Learning the art of bonsai pottery II

Rory Wilmer > Bonsai > Learning the art of bonsai pottery II

Part 2 – mame and shohin

In part 1 of this blog series I started this series off with their first two of my creations in clay and focused on the potters from Tokoname in Japan who gave me the original inspiration to start learning how to make my own bonsai pottery. I now start to look for other places and people for inspiration. One person who I have found so inspiring is Pitoon Ekarintaragun aka PIT-EKA.

When you think of bonsai you probably think of small tress. But not all bonsai are small. There are many styles and sizes of bonsai and they all have terms and names. Mame literally means “Bean” in Japanese, while 小品盆栽 & 豆盆栽 Shohin means “a small thing”. In recent times it has become a very popular style of planting size. It’s basically something you should be able to hold in your hand and can often be as small as a thumbnail.

One of my mame bonsai posts I bought from e-bonsai.cz with a planting of moss I created at the start of my bonsai adventures.

There are many easily found examples of mame and shohin style bonsai trees, it wasn’t so obvious to find the people behind making the miniature size pots. I wanted to find out some of the masters behind this tiny world of ceramics.


Creator of mame and shohin sized bonsai pots of high detail
My ability to create such small things yet retain such high detail and quality to share with the bonsai community is something I truly enjoy.
Pitoon Ekarintaragun aka PIT-EKA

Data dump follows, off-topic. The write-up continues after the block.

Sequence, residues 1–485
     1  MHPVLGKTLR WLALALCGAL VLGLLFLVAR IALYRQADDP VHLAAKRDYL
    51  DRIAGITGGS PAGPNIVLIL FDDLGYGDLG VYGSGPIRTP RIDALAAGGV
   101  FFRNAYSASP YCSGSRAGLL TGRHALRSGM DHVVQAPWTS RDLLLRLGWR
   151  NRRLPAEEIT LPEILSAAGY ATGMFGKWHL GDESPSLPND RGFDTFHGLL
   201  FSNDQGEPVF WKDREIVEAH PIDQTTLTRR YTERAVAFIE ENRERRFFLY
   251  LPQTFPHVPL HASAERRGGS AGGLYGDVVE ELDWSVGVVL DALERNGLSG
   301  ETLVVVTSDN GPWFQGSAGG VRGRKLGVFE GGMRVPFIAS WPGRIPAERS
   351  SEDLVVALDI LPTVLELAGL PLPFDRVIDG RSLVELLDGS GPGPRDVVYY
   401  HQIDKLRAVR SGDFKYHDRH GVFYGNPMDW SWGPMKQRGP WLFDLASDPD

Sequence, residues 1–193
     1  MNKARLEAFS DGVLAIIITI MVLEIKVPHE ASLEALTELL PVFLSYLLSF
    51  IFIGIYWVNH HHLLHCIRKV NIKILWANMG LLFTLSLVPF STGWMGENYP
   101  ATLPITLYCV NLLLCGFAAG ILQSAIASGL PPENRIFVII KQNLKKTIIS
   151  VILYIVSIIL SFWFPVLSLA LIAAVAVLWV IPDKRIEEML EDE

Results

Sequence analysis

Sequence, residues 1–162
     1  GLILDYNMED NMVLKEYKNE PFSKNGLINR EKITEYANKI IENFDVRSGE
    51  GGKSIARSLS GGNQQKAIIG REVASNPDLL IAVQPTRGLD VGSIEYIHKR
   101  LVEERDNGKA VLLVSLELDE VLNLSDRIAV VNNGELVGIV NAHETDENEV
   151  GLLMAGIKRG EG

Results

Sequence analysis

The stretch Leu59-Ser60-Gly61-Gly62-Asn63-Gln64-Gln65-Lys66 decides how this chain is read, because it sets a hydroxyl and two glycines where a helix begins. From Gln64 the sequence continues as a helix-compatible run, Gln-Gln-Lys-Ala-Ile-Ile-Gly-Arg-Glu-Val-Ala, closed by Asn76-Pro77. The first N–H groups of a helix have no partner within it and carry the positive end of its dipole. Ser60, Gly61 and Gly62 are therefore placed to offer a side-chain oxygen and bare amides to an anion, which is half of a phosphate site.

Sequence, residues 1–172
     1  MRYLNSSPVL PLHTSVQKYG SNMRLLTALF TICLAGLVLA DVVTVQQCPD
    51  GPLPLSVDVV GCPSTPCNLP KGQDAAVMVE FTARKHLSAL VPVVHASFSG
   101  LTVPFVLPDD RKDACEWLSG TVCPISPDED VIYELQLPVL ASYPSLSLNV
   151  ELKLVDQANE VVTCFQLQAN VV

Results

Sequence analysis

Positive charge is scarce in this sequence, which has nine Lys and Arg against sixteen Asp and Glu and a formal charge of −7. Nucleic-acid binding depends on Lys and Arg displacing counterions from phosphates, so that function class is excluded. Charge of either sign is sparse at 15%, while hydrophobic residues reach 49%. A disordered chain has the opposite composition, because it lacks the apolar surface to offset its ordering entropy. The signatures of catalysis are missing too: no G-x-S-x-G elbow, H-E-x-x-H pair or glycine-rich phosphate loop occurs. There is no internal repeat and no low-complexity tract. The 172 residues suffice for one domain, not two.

Pitoon Ekarintaragun aka PIT-EKA creates mini bonsai pottery. The following bio is on his website.

My name is Pitoon Ekarintaragun, I am the craftsman and grower behind the scenes.  Since my pre-teen years I’ve always been fascinated with bonsai, moreover obsessed with plant propagation which also started around the same time. Over the past two decades my hobby was mainly focused on woodworking. I’ve just recently ventured into pottery.  My fascination for detailed miniatures lead me to make bonsai pots specifically mame and shohin sized pots of high detail.


Tiny pots with big details

Pitoon’s attention to detail, intricate designs and glorious glazing put’s his work at the forefront when it comes to the miniature world of mame and shohin bonsai. I am very excited and proud to be able to purchase some of the first batches of PIT-EKA, and in doing so, I have been in conversation with the American based artist. Pitoon creates his pots using a small pottery wheel. Using just fingers, as opposed to using your hands when you throw bigger pot’s, the shape and style of the pot is carefully, and the slightest mistake can make hours of wasted time as the pot will be destroyed. I asked Pitoon via email about his process.

I use a mini pottery wheel.  It takes patience to make them as you are not turning with your hands but with your fingers.  One mistake and the pot is destroyed and you have to start all over.  Each one of my mame pots takes about 4-5hrs to make (greenware) sometimes longer and each is unique.  Making the pot is the easy part…….design, proportions, and glaze is the hard part.


As well as creating mini bonsai pots Pitoon is also a master woodworker and he creates tomobako’s to package the pots inside for transportation. The word 供箱 ’tomobako’ refers to the wooden box that often accompanies a porcelain piece made in Japan.

Tomobako boxes for tea cups. They are not the work of PIT-EKA pottery it is just an example of antique tomobako boxes. Image from THE POTOMACK COMPANY, Alexandria, VA, USA.

I am super excited for my PIT-EKA pots to arrive in the post from across the pond. Until they arrive please have a look at Pitoon’s work and enjoy an unboxing video of his posts from Bonsaify.